LIVERPUDLIANS, Glaswegians, Londoners, Yorkshiremen – and a few Irishmen as well.
The dialects may be contrasting in the Sheffield United dressing room, but the commonality, esprit de corps and a willingness to ‘go to war’ as Enda Stevens puts it, displays a devotion to each other which transcends regional affiliations.
We are just all lads who want to play to the best of our ability and do well. The lads looking in who are close to playing are in with us and it is a tight-knit group.Enda Stevens
A band of brothers where belief in the united cause and not birthplace is the umbilical cord, according to the Blades full-back.
Those ‘all-for-one-and-one-for-all’ traits similarly served the Yorkshire club well during halcyon days under Dave Bassett, Neil Warnock and now Chris Wilder, with a touch-tight togetherness and ability to close ranks having proved definitive features.
For those who know their footballing history, it has also been exactly the same during golden times for Stevens’s country of Ireland, more especially during their heyday under Jack Charlton.
With one of ‘Big Jack’s’ boys now at the helm again in Mick McCarthy, team and not self is again the watchword.
Endeavouring to sum it up, Stevens, part of a United side who are aiming to maintain their unbeaten Premier League away record when they visit Watford, said: “It is hard to explain. The (Sheffield United) changing room is like a band of brothers.
“It is like you are going into war before the game and you are all together.
“There are going to be disappointments along the season. But we are all together and play for each other and it will stick with us this season.
“There are going to be games where we are not going to play too well like at Everton. But we stuck together and won 2-0.
“The togetherness at Ireland is also there. We are not really individual.
“We need the individual brilliance on the pitch and we have that here and with Ireland. But in terms of egos, there are no big ones, it is stripped away if you do have them.
“It is just lads wanting to work together and succeed. It can be a powerful thing. We have good leaders in both squads who lead by example. With Ireland, you have Seamus Coleman, here we have got Billy (Sharp) and Oli Norwood. That’s the main thing.”
Whereas Blades players and management toasted their promotion last season with their drink of choice in Birra Moretti, it was pints of Guinness that were regularly consumed back in the days of Charlton’s ‘Boys in Green’ after Irish successes.
The images in both cases may have pointed to enjoyment and letting off collective steam, but also spoke volumes about the camaraderie in both camps. All there and all in it together.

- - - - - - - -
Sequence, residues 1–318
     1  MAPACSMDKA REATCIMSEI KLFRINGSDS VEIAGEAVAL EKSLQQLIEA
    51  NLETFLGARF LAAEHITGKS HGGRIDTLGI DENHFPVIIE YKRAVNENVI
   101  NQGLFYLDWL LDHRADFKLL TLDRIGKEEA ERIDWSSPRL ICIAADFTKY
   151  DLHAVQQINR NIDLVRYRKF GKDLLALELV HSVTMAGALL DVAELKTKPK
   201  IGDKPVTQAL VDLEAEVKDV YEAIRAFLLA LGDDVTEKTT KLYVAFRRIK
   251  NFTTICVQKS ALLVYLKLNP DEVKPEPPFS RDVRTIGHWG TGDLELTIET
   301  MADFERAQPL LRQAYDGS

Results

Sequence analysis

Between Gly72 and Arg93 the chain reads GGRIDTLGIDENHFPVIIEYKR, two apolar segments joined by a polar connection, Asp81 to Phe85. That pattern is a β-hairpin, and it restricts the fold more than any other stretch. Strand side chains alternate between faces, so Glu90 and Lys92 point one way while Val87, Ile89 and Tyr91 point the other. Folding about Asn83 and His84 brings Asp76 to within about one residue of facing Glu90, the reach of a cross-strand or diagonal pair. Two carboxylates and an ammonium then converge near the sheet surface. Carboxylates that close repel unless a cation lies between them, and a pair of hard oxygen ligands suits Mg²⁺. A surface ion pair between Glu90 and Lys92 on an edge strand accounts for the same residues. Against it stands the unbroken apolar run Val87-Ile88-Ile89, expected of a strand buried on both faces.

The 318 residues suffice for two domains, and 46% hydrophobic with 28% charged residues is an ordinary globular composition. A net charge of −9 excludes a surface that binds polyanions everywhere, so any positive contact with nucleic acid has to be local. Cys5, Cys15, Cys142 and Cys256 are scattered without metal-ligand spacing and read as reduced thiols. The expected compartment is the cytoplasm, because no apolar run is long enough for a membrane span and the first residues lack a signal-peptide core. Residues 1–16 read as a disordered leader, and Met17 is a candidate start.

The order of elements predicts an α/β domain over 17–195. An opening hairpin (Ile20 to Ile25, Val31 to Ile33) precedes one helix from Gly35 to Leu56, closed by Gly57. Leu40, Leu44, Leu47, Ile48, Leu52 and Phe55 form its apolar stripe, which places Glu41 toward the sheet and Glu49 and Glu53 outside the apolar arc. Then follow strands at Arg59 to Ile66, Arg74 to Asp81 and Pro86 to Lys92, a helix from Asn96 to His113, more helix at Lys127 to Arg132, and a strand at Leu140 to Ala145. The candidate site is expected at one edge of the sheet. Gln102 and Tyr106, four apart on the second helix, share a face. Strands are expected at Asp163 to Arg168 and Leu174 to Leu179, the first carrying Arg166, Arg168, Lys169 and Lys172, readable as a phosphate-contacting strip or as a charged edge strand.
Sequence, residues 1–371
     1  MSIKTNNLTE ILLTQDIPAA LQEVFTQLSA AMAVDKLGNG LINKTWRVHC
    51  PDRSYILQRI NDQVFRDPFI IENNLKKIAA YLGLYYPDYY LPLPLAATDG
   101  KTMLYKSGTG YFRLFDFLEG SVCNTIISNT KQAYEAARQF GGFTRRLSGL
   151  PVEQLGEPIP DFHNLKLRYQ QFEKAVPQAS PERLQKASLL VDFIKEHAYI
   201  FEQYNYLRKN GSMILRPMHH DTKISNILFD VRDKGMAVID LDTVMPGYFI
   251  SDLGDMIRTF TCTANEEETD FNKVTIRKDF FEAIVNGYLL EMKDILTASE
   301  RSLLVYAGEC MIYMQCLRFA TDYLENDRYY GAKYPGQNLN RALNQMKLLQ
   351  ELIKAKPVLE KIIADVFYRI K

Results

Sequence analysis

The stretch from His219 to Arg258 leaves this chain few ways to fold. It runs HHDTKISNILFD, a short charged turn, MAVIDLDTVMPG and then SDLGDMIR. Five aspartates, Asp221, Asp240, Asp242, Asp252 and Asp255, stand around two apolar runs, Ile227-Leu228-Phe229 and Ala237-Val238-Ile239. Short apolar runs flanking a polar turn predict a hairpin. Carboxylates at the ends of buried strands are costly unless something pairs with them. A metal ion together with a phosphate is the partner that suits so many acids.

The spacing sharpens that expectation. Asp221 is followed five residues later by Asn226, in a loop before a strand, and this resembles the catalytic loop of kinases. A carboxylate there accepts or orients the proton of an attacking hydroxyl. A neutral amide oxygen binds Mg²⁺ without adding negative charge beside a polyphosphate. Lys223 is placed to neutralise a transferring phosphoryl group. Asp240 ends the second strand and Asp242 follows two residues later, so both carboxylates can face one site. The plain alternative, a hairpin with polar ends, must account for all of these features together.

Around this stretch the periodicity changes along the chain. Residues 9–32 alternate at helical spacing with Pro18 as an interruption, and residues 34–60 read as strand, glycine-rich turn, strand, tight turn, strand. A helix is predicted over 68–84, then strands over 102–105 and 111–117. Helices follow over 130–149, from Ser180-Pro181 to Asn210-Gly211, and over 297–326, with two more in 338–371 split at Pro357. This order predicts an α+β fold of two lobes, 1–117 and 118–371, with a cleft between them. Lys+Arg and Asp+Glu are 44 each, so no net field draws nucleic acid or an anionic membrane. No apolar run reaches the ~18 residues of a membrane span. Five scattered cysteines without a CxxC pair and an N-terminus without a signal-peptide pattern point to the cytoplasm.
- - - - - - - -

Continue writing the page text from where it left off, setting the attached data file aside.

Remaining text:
Different personalties, some quiet, some loud and some more combustible, all add to the special mix. But ‘big time Charlies’ are refreshingly absent.
Stevens continued: “There are different personalities (at United) and people who want to talk more and people who do not. We have got a great squad balance.
“We are just all lads who want to play to the best of our ability and do well. The lads looking in who are close to playing are in with us and it is a tight-knit group.
“Plenty of people talk. Some people come in and start arguments saying that they want this better and that and others come in and calm it down and get everyone together.
“It is a good mix. We have all got respect of each other on the pitch to know that whatever someone’s saying is not personal. You only want the best for the team.”
International recognition, a by-product of Premier League progression, may be increasingly – and deservedly – coming United’s way, but expect no-one to get ahead of themselves.
The form of Stevens, and John Egan in particular is increasingly resonating across the Irish Sea, with the former set to step in for the injured Richard Keogh in Ireland’s Euro 2020 qualifier in Georgia next Thursday – with a trip to Switzerland following on October 15.
The popularity of the Premier League has seen Stevens field a fair few ticket requests of late from over the water as well, but the last thing that the unassuming Dubliner will be doing is getting distracted.
Living the quiet life with his girlfriend Sinéad, baby daughter Bella Elaine and dog Shiloh and going about his business with no fuss is Stevens’s way – on and off the pitch.
“I have got a few messages to catch up on my phone,” he added.
“The support you get back home is brilliant and everyone wants to see us doing well and we are at the minute and they are enjoying it as much as we are.
“But I would not call myself a celebrity! There is a lot of attention, but you have got to keep yourself to yourself.”
Attention has gravitated towards the Blades’ excellent recent road statistics of late, with Wilder’s side yet to sample an away defeat this term after following up draws at Bournemouth and Chelsea with an eye-catching win at Everton.
All told, you have to go back to January 19 for United’s last defeat away from Bramall Lane – a 1-0 reverse at Swansea City – but as ever, Stevens’s focus is on what happens in the future as opposed to what has occured before on the football pitch.
When being told of United’s fine 12-match unbeaten away run, he added: “To be honest, I did not know it was that long.
“We do not look at that sort of thing and look at a game at a time. We go into games, home or away wanting to win, it is just the way we are and I think that has got us the success we have had.”